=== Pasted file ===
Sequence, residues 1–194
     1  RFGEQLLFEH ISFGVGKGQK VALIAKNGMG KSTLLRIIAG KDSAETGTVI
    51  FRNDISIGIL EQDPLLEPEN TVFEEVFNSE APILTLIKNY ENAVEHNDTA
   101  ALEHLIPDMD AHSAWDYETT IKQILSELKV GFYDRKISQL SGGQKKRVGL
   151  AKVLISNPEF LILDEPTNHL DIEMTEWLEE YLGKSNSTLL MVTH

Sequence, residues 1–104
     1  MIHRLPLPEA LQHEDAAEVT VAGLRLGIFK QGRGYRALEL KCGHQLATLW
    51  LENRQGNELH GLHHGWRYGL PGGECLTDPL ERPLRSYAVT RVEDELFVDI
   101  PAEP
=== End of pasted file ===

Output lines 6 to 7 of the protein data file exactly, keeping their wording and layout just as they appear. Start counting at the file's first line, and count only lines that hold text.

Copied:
Sequence, residues 1–104
     1  MIHRLPLPEA LQHEDAAEVT VAGLRLGIFK QGRGYRALEL KCGHQLATLW